We investigate when and why people share positive versus negative word of mouth (WOM). We find that people tend to share more negative information with close others because they aim to protect them but more positive information with distant others because they aim to self-enhance.
While prior research has documented that consumers share both positive and negative WOM, little was known about when people are more likely to share positive versus negative information. To answer this question, we focus on interpersonal closeness (IC) -- the feelings of proximity a sender has toward a recipient -- and hypothesize that high (low) IC activates a need to protect others (self-enhance) and, consequently, makes negative (positive) information more valuable. In turn, we expect that this shift fosters the sharing of negative (positive) information with close (distant) others.
We conducted four experiments involving different populations (French and United States; MBAs and undergraduates) and manipulated interpersonal closeness by varying features of the conversation setting (e.g., the social media platform used) or the relationship between the sender and the recipient. Across experiments, we asked senders to share information with a recipient about a product (a camera, a hotel, a restaurant) or a topic and coded participants' responses to assess the amount of positive and negative information shared.
We find that people tend to share more negative than positive information with close others but more positive than negative information with distant others and that these differences are tied to the fact that sharing with close others activates a need to protect others and that sharing with more distant others activates a a need to self-enhance. As a consequence, strongly tied networks tend to be conducive to positive information while weakly tied networks tend to be conducive to negative information. Our findings also illustrate how the value of information is shaped by context in which a conversation takes place.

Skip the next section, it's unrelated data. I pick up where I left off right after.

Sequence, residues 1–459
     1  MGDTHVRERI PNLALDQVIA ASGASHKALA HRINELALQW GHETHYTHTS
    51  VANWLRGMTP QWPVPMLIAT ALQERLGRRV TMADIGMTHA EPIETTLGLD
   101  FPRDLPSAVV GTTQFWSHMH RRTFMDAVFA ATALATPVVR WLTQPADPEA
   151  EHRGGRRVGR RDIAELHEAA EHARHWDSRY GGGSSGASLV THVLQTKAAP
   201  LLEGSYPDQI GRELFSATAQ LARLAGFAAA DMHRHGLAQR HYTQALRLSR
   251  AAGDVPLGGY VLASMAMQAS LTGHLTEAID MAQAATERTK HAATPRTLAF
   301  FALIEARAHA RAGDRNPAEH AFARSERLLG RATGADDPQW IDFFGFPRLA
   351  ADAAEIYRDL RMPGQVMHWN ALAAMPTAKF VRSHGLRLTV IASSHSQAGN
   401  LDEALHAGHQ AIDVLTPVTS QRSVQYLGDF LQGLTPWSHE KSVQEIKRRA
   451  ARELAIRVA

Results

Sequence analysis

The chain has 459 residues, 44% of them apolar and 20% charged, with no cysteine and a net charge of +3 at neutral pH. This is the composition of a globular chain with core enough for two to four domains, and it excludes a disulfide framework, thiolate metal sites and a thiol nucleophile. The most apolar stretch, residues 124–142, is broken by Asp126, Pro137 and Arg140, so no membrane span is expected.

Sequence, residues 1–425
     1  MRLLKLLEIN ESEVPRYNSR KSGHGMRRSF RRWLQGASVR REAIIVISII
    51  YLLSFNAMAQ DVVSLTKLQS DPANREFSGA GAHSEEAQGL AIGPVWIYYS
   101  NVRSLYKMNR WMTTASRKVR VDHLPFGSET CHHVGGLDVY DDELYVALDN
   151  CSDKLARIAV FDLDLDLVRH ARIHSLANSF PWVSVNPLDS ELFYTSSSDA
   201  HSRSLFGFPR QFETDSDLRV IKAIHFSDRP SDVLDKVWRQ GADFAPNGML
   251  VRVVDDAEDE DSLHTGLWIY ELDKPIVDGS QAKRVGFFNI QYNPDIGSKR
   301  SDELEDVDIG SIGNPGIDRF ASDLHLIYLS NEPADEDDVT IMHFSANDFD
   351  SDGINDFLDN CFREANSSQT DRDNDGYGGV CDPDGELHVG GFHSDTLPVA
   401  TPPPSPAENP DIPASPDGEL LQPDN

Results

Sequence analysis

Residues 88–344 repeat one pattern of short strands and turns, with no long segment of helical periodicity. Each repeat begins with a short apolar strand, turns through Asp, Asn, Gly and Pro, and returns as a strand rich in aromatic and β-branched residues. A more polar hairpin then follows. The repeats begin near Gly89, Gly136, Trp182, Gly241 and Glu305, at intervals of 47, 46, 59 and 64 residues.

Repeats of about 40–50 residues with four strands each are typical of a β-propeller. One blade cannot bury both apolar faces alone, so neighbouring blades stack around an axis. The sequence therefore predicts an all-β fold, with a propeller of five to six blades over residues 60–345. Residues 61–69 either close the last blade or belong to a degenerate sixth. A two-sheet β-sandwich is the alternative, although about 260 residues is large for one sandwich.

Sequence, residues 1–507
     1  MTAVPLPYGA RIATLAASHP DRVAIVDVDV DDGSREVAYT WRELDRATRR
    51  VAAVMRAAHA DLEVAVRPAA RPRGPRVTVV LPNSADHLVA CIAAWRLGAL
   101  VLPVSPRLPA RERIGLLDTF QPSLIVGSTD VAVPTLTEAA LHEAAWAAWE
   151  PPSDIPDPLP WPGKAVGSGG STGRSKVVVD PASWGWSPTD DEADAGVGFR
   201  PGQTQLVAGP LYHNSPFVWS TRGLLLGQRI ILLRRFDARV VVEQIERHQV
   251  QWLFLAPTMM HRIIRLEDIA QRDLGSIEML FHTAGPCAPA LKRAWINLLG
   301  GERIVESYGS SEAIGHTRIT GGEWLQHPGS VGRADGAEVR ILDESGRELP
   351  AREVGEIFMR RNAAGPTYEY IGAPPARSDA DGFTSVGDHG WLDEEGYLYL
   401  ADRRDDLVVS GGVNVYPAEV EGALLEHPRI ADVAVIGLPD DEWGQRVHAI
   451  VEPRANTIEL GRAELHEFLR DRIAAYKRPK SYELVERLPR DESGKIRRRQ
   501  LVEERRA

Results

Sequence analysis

First, our research offers unique insight into when and why people share more positive versus negative information. Second, the findings reveal how the social context of a conversation shapes the value of certain kinds of information and invites future research to further unpack how contextual features affect information-sharing. Third, our findings have implications for companies or agencies that aim to boost the sharing of positive WOM or aim to limit negative WOM (e.g., rumors) by subtly weighing on conversational features.
Questions for the Classroom
- When does positive vs. negative word-of-mouth tend to spread?
- Why does positive vs. negative word-of-mouth tend to spread?
- How might a marketer encourage the sharing of positive information?
David Dubois, Andrea Bonezzi, and Matteo De Angelis (2016), “Sharing with Friends Versus Strangers: How Interpersonal Closeness Influences Word-of-Mouth Valence,” Journal of Marketing Research, 52 (5), 712-727.
David Dubois is Assistant Professor of Marketing, INSEAD (e-mail: firstname.lastname@example.org).
Andrea Bonezzi is Assistant Professor of Marketing, Stern School of Business, New York University (e-mail: email@example.com).
Matteo De Angelis is Assistant Professor, LUISS Guido Carli (e-mail: firstname.lastname@example.org).